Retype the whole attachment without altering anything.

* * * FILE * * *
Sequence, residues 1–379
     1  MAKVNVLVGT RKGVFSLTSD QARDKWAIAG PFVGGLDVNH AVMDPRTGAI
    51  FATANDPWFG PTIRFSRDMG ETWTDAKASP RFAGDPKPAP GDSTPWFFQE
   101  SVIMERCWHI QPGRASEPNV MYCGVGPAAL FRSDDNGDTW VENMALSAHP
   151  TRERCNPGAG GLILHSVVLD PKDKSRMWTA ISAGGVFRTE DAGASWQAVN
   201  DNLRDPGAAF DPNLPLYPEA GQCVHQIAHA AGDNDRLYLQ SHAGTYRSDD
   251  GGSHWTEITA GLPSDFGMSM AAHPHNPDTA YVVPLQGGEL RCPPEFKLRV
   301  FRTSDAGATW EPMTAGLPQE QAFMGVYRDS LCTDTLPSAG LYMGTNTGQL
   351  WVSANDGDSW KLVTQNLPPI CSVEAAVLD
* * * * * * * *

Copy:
Sequence, residues 1–379
     1  MAKVNVLVGT RKGVFSLTSD QARDKWAIAG PFVGGLDVNH AVMDPRTGAI
    51  FATANDPWFG PTIRFSRDMG ETWTDAKASP RFAGDPKPAP GDSTPWFFQE
   101  SVIMERCWHI QPGRASEPNV MYCGVGPAAL FRSDDNGDTW VENMALSAHP
   151  TRERCNPGAG GLILHSVVLD PKDKSRMWTA ISAGGVFRTE DAGASWQAVN
   201  DNLRDPGAAF DPNLPLYPEA GQCVHQIAHA AGDNDRLYLQ SHAGTYRSDD
   251  GGSHWTEITA GLPSDFGMSM AAHPHNPDTA YVVPLQGGEL RCPPEFKLRV
   301  FRTSDAGATW EPMTAGLPQE QAFMGVYRDS LCTDTLPSAG LYMGTNTGQL
   351  WVSANDGDSW KLVTQNLPPI CSVEAAVLD